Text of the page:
Young wolves, foxes, coyotes stepping into their new world

In Northern Wisconsin, the weather had been colder, but the rain, sleet and snow seem to have finally passed, leaving a more true May feel in their wake. Watch for a fast and vibrant green-up in the Northwoods thanks to the heavy moisture as leaves fill out and flowers unfurl.

Wisconsin's general inland game fish season opened Saturday and fisheries biologists say anglers can expect to find some trophy potential fish as well as abundant numbers of popular game species this spring. The musky season opened on southern Wisconsin waters while on northern waters the season opens May 27 to give musky additional time to complete spawning. Smallmouth bass are also divided from the Wisconsin Department of Natural Resources into northern and southern zones with catch and release only in the north until June 17.

Fishing reports from the last week tell of tough weather and a difficult bite. Rivers across the state are still running high. Trout streams are in similar shape. Along Lake Michigan, boaters landed browns, pike and a few walleye in Marinette, while anglers at Oconto were able to land smallmouth, northern pike and a rare walleye. Brown County anglers saw an increase in white bass and freshwater drum, with Door County reporting a slight increase in night walleye bite. Boaters out of Sheboygan and Port Washington saw occasional catches of brown and lake trout.

Southern Lake Michigan tributaries have been running high. Most of the steelhead left in Sauk Creek were being pushed by the recent rains and high water. Action for brown trout improved at Racine and Kenosha, though the steelhead bite in Racine seems to have fully tapered off.

The spring turkey season has been going well with a lot of hunters reporting success, but hunting conditions during the second time period weren't the greatest with rain and high winds having turkeys hunkered down. The weather forecast for period three looks like a nice stretch of dry weather that should have turkeys really active.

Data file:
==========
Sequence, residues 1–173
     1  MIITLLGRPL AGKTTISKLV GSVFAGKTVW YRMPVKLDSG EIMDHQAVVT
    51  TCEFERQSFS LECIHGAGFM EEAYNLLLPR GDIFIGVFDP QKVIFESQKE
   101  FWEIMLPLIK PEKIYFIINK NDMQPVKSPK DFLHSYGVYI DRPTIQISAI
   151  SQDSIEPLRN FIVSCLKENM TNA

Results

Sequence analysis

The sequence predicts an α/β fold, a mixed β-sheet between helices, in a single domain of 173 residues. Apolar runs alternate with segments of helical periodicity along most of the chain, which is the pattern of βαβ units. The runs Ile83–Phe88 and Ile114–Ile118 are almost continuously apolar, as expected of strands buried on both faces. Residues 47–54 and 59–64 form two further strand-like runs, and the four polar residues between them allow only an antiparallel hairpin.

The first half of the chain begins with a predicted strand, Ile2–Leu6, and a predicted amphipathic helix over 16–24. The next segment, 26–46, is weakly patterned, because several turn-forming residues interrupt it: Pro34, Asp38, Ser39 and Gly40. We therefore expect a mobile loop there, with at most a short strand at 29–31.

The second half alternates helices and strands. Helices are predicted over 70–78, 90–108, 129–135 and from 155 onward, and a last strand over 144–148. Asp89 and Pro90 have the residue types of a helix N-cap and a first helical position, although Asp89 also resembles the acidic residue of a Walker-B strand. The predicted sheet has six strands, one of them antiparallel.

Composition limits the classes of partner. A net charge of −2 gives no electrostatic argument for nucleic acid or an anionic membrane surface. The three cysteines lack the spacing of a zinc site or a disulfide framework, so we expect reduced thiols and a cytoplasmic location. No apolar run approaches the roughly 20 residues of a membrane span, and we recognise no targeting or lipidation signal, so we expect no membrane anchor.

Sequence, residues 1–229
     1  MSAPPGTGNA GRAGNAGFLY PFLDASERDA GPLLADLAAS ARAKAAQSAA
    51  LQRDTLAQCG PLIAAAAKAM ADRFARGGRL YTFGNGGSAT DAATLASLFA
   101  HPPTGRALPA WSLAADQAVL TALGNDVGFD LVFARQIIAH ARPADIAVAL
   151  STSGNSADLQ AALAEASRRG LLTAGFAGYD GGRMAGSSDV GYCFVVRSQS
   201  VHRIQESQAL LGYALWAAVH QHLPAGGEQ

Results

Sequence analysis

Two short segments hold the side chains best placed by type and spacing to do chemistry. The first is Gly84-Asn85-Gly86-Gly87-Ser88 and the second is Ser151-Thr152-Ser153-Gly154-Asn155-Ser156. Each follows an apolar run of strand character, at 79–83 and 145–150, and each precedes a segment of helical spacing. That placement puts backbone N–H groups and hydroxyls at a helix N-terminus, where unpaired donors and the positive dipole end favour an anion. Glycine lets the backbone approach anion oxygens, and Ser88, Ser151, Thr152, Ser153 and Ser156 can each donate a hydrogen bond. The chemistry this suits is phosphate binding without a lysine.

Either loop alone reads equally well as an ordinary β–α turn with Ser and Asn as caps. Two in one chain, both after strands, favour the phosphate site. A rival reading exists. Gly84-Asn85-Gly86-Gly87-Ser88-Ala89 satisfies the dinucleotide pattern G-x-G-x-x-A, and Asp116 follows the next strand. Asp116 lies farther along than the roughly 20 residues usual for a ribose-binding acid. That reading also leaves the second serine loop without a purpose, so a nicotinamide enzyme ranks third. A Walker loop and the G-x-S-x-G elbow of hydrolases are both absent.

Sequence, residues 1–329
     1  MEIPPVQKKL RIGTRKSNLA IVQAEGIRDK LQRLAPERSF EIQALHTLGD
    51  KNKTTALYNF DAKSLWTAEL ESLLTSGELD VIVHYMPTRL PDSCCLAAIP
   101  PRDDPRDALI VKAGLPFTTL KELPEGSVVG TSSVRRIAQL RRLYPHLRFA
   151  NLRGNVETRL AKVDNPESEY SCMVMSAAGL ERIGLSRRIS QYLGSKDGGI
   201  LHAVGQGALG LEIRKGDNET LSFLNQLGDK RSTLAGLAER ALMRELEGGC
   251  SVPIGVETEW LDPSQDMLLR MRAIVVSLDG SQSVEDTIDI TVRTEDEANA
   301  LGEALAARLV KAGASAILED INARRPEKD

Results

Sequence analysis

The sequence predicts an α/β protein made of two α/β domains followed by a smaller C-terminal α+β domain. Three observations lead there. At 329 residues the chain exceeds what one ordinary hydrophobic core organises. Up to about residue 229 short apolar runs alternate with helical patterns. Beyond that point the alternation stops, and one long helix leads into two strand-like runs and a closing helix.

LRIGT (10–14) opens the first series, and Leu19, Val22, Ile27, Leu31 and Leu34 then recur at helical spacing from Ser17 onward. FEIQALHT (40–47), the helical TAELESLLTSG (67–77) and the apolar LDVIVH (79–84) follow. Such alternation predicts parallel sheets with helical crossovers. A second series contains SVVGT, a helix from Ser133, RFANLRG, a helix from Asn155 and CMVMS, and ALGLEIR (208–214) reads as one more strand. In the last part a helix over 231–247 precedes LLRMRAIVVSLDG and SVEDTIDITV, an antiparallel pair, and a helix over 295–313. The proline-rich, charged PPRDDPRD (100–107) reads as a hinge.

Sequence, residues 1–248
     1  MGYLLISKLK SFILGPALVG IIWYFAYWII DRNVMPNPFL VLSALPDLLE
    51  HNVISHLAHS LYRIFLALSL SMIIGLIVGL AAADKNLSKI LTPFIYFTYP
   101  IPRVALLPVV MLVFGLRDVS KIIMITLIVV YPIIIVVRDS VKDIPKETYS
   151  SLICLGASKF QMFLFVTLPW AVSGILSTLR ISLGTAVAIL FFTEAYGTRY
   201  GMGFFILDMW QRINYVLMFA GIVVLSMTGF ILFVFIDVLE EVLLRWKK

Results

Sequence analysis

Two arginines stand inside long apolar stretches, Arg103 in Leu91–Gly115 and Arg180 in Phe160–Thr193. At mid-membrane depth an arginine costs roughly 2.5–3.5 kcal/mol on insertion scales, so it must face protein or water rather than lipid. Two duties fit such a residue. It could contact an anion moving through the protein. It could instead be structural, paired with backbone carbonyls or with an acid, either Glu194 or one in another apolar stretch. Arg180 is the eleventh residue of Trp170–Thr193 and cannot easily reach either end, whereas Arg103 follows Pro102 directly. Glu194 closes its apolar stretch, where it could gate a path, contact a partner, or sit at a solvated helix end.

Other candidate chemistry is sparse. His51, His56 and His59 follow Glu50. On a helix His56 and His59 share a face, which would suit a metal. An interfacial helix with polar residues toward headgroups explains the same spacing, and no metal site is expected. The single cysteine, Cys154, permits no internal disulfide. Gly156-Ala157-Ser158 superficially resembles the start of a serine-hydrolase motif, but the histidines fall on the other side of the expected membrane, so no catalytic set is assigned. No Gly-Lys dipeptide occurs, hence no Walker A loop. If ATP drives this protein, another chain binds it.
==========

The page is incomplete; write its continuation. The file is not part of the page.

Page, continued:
Wetlands in the Northwoods are ripe with frogs and salamanders and turtles are becoming more mobile. Newborn foxes, coyotes and wolves are taking cautious steps out into the new world. Grouse are drumming, while turkeys continue gobbling and bears are digging for protein.

Bird sightings are now far too numerous to count, with mentions of blue-winged teal returning, bluebirds digging into feeders or sitting on eggs and great blue herons looking for nesting locations. Tree swallows are being seen more widely and reports of a yellow warbler and Myrtle's Warbler came in from the Flambeau area. Great-crested flycatchers and multiple vireos have been spotted in Milwaukee, while a scarlet tanager was heard in Wyalusing State Park.

Virginia waterleaf is flowering along with trillium, jack in the pulpit, Canadian anemone and downy yellow violet, to name just a few. There have also been a few reports of morel mushrooms being found, not a bad time to go hunting before the mosquitos and black flies truly arrive.


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